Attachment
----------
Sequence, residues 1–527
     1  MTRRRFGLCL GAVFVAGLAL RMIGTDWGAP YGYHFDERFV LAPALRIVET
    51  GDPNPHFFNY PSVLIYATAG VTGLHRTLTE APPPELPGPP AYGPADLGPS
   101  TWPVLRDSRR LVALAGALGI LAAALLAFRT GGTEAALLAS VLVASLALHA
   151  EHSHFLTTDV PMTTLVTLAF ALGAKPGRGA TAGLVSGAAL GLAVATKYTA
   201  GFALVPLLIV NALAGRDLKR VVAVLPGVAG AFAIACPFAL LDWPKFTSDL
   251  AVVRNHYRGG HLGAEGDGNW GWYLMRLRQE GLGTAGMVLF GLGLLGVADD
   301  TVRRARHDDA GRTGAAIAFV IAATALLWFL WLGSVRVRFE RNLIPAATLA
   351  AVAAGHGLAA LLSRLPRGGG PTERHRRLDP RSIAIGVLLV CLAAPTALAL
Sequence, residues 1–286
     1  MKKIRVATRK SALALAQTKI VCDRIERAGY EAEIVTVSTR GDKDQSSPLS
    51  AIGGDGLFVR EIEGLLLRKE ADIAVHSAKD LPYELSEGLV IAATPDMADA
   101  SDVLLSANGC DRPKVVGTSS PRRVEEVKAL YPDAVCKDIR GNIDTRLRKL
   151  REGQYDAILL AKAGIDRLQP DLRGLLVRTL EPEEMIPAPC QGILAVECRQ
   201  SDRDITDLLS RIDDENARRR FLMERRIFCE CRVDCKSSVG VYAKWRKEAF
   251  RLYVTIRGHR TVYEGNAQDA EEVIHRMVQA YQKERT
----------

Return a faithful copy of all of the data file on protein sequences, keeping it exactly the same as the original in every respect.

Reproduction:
Sequence, residues 1–527
     1  MTRRRFGLCL GAVFVAGLAL RMIGTDWGAP YGYHFDERFV LAPALRIVET
    51  GDPNPHFFNY PSVLIYATAG VTGLHRTLTE APPPELPGPP AYGPADLGPS
   101  TWPVLRDSRR LVALAGALGI LAAALLAFRT GGTEAALLAS VLVASLALHA
   151  EHSHFLTTDV PMTTLVTLAF ALGAKPGRGA TAGLVSGAAL GLAVATKYTA
   201  GFALVPLLIV NALAGRDLKR VVAVLPGVAG AFAIACPFAL LDWPKFTSDL
   251  AVVRNHYRGG HLGAEGDGNW GWYLMRLRQE GLGTAGMVLF GLGLLGVADD
   301  TVRRARHDDA GRTGAAIAFV IAATALLWFL WLGSVRVRFE RNLIPAATLA
   351  AVAAGHGLAA LLSRLPRGGG PTERHRRLDP RSIAIGVLLV CLAAPTALAL
Sequence, residues 1–286
     1  MKKIRVATRK SALALAQTKI VCDRIERAGY EAEIVTVSTR GDKDQSSPLS
    51  AIGGDGLFVR EIEGLLLRKE ADIAVHSAKD LPYELSEGLV IAATPDMADA
   101  SDVLLSANGC DRPKVVGTSS PRRVEEVKAL YPDAVCKDIR GNIDTRLRKL
   151  REGQYDAILL AKAGIDRLQP DLRGLLVRTL EPEEMIPAPC QGILAVECRQ
   201  SDRDITDLLS RIDDENARRR FLMERRIFCE CRVDCKSSVG VYAKWRKEAF
   251  RLYVTIRGHR TVYEGNAQDA EEVIHRMVQA YQKERT